Much ado has been made over the state of PC gaming, and whether it is being slowly strangled into nonexistence by unfettered illegal file-sharing. While many companies have resorted to intrusive digital-rights management programs to keep their games out of the hands of pirates, Stardock entertainment has built a reputation of including no such measures to counter file-sharing, out of what it calls respect for the customer.
So how has this strategy panned out for the gamemaker's first third-party-published title, Ironclad Games' Sins of a Solar Empire? As reported by gaming trade site Gamasutra, Sins of a Solar Empire has surpassed 400,000 units at retail, with another 100,000 units digitally distributed through Stardock's online store, since the PC game went on sale in February. That's not a bad figure, considering Sins reportedly cost under $1 million to make.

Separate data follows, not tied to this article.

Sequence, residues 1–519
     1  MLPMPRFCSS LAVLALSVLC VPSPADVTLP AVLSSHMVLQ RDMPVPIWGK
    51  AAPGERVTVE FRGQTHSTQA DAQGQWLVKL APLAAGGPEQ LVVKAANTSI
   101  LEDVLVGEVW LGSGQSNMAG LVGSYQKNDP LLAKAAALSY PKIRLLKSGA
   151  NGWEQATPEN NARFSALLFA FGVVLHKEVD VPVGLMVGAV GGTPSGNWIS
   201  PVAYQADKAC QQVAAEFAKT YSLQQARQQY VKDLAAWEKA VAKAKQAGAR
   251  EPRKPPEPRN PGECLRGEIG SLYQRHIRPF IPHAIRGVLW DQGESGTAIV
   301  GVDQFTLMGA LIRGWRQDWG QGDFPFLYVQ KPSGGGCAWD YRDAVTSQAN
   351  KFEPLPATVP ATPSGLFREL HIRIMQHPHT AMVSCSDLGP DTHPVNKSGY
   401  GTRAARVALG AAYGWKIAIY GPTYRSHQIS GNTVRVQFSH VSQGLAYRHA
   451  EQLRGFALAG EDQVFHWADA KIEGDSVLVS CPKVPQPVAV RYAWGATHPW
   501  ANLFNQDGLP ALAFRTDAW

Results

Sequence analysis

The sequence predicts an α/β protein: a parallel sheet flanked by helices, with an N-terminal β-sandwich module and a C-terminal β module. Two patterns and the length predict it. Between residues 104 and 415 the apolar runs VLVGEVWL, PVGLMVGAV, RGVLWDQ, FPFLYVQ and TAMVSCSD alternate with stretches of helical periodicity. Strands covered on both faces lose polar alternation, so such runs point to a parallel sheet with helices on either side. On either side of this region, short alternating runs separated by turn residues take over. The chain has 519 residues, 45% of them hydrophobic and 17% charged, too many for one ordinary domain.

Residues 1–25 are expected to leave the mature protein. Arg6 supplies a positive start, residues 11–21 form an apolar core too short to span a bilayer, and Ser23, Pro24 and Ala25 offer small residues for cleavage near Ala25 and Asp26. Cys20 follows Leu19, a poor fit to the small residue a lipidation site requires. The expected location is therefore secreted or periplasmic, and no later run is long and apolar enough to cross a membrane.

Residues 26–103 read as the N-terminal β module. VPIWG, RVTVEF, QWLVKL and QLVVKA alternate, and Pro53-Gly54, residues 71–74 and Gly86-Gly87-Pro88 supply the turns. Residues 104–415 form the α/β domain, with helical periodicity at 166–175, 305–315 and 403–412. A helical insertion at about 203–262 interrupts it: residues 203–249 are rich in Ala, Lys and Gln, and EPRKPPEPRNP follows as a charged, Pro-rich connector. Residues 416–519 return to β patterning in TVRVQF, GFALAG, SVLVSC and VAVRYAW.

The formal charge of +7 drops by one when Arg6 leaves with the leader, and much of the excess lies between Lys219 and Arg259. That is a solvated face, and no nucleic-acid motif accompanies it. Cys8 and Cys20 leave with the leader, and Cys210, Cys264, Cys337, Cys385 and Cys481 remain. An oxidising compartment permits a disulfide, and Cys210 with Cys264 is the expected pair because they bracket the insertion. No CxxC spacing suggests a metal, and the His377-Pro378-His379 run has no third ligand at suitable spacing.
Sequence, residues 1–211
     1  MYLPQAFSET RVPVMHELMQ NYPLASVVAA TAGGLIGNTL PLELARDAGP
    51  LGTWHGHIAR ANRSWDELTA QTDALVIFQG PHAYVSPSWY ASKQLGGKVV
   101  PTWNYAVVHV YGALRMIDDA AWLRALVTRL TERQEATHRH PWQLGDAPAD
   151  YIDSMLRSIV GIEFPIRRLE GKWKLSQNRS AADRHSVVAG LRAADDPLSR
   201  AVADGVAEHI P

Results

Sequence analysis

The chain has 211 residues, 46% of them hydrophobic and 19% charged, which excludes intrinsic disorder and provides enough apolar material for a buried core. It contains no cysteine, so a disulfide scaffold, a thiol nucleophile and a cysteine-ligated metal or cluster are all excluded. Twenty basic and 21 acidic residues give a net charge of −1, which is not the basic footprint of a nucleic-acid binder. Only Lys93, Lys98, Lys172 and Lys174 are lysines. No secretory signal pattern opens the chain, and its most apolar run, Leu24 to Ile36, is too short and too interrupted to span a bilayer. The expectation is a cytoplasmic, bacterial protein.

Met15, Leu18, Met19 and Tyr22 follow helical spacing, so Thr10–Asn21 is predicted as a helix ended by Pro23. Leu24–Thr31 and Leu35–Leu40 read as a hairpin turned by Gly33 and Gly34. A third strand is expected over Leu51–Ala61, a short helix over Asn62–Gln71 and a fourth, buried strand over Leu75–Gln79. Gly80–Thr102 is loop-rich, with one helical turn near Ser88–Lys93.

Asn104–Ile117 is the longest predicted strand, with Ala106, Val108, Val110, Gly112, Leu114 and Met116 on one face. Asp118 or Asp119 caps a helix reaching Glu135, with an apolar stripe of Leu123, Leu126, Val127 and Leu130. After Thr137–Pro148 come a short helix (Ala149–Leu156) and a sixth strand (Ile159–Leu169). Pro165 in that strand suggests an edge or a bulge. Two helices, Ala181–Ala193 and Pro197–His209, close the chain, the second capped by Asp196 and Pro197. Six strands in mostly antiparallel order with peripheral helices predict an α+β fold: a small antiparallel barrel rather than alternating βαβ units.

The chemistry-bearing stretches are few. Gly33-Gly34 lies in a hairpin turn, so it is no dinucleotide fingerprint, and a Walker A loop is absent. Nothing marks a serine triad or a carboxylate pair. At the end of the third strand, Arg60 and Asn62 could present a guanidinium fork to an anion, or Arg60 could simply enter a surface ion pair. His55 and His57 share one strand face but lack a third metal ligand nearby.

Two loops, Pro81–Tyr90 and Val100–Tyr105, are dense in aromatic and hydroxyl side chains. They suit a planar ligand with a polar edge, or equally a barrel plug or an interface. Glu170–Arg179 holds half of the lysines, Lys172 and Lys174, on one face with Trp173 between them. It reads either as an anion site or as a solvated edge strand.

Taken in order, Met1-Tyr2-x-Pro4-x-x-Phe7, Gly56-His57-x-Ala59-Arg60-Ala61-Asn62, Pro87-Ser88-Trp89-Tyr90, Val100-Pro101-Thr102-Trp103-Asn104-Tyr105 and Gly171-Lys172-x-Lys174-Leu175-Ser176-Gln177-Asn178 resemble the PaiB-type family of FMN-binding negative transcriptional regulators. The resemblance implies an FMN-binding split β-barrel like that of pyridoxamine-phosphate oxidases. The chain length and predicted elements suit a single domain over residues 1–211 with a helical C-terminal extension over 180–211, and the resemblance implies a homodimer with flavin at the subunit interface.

Speaking with Gamasutra, Stardock CEO Brad Wardell attributed Sins' sales success in part to the game's broad-audience system requirements.
"Sins of a Solar Empire was explicitly designed to work on a wide variety of machines," said Wardell. "It will run on a four-year-old video card, and it looks great...You make those kinds of design decisions, and you greatly increase the number of people who can play your game. You lose out on some piddly super-mega effect, but you get those units. The results come in sales."
For more on Ironclad's critically acclaimed interstellar real-time strategy game Sins of a Solar Empire, check out GameSpot's full review.